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9 - The materials of natural history

from II - Enlightened orders

Published online by Cambridge University Press:  13 December 2018

Helen Anne Curry
Affiliation:
University of Cambridge
Nicholas Jardine
Affiliation:
University of Cambridge
James Andrew Secord
Affiliation:
University of Cambridge
Emma C. Spary
Affiliation:
University of Cambridge
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Publisher: Cambridge University Press
Print publication year: 2018

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References

Bleichmar, D., Visible Empire: Botanical Expeditions and Visual Culture in the Hispanic Enlightenment (Chicago, 2012).CrossRefGoogle Scholar
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Hunter, M., Walker, A. and MacGregor, A. (eds.), From Books to Bezoars: Sir Hans Sloane and His Collections (London, 2012).Google Scholar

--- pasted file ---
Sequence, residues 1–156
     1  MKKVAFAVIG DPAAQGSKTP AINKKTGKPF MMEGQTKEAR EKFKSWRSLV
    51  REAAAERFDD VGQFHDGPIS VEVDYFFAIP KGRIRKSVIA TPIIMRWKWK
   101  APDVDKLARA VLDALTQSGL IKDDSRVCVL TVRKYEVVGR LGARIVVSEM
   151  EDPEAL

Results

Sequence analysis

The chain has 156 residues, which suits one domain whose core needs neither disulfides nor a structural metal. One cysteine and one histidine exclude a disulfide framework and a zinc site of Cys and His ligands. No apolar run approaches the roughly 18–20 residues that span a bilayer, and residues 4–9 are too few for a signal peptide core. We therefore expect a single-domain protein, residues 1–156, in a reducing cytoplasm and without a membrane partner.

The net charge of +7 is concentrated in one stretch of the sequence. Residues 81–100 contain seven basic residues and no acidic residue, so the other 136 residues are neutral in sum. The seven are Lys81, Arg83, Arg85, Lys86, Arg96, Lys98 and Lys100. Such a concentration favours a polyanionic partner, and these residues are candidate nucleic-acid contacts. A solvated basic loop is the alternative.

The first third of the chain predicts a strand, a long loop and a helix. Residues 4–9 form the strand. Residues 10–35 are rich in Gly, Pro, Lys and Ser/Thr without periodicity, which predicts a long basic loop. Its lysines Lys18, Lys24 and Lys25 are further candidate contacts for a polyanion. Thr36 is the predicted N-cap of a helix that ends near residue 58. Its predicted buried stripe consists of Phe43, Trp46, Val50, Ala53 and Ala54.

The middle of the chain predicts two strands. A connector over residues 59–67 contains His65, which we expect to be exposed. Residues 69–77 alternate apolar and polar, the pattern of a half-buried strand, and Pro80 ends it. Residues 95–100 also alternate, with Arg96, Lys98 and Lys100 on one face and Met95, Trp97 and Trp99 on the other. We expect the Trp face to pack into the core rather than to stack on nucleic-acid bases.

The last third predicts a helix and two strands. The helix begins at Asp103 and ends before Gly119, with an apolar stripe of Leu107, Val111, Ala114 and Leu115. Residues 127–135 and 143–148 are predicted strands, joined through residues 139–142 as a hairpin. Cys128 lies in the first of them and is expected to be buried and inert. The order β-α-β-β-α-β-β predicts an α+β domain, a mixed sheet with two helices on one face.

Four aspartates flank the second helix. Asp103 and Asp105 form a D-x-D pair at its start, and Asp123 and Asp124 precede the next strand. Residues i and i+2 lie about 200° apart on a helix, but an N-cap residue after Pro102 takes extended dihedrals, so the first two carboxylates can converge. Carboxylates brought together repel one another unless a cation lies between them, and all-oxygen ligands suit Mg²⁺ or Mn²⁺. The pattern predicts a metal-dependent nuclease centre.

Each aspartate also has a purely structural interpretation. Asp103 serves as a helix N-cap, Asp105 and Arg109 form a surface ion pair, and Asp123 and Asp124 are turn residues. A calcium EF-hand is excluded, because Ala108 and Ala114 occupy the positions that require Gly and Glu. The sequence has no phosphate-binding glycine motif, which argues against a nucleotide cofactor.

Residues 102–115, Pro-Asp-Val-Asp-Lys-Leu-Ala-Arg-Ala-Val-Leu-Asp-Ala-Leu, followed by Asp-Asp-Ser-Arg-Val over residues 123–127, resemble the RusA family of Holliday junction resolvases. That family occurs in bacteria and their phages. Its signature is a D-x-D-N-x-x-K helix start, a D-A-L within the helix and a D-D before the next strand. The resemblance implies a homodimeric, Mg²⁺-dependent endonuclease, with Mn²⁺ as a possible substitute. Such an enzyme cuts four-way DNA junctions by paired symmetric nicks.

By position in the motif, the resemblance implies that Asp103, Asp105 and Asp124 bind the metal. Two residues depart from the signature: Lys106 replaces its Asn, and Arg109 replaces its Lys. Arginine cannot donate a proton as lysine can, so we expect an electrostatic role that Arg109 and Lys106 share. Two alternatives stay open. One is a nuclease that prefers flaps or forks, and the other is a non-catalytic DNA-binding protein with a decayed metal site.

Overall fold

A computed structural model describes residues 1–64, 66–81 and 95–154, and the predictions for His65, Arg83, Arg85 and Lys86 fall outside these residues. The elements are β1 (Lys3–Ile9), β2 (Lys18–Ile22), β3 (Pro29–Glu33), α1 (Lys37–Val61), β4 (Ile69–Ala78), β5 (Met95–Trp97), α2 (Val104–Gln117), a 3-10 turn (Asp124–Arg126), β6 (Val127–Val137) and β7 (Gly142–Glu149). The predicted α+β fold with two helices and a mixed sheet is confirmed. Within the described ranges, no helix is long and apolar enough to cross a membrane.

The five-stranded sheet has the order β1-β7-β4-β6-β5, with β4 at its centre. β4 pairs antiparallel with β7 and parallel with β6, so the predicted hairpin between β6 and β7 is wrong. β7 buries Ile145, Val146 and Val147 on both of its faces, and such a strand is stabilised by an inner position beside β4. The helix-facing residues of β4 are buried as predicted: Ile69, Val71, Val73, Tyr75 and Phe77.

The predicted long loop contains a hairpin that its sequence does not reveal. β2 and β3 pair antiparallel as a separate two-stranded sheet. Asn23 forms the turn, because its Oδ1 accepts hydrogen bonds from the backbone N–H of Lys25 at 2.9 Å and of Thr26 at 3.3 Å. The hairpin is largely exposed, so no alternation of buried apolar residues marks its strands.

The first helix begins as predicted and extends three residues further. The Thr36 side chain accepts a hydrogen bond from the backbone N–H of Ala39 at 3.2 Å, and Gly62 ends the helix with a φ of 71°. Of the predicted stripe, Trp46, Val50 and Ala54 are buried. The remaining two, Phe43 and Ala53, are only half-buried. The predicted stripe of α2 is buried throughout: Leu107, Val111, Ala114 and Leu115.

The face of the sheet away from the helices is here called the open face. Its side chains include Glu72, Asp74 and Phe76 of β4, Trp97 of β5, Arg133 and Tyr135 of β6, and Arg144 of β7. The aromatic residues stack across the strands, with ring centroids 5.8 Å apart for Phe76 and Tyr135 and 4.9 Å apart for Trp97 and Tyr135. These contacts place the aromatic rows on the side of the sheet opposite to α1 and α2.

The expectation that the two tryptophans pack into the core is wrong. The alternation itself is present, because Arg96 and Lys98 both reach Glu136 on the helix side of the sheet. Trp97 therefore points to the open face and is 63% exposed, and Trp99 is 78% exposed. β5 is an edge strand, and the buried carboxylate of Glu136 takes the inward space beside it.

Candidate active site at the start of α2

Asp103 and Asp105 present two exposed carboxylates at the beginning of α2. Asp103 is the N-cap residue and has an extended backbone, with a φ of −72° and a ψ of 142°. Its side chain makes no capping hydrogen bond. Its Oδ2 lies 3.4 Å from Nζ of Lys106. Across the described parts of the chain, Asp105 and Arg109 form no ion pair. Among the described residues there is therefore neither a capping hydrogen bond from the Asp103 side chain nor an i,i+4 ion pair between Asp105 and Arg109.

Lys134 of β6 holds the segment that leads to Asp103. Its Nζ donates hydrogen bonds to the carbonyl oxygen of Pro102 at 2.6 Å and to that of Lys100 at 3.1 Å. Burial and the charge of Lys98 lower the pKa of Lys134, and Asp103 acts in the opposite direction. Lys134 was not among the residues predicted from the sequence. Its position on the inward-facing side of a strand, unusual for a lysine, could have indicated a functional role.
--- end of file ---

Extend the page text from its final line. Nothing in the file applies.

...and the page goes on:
Margócsy, D., Commercial Visions: Science, Trade and Visual Culture in the Dutch Golden Age (Chicago, 2014).CrossRefGoogle Scholar
Mason, P., Before Disenchantment: Images of Exotic Plants and Animals in the Early Modern World (London, 2009).Google Scholar
Price, D., ‘John Woodward and a surviving British geological collection from the early eighteenth century’, Journal of the History of Collections, 1 (1989), pp. 7995.Google Scholar
Prince, S. A. (ed.), Stuffing Birds, Pressing Plants, Shaping Knowledge: Natural History in North America 1730–1860 (Philadelphia, 2003).Google Scholar
Schiebinger, L., Plants and Empire: Colonial Bioprospecting in the Atlantic World (Cambridge, 2014).Google Scholar
Schulze-Hagen, K., Steinheimer, F., Kinzelbach, R. and Gasser, C., ‘Avian taxidermy in Europe from the Middle Ages to the Renaissance’, Journal für Ornithologie, 144 (2003), pp. 459–78.CrossRefGoogle Scholar
Spary, E. C., Utopia’s Garden: French Natural History from Old Regime to Revolution (Chicago, 2000).CrossRefGoogle Scholar
Stearns, R. P., ‘James Petiver: promoter of natural science, c. 1663–1718’, Proceedings of the American Antiquarian Society, 62 (1953), pp. 243365.The materials of natural historyGoogle Scholar

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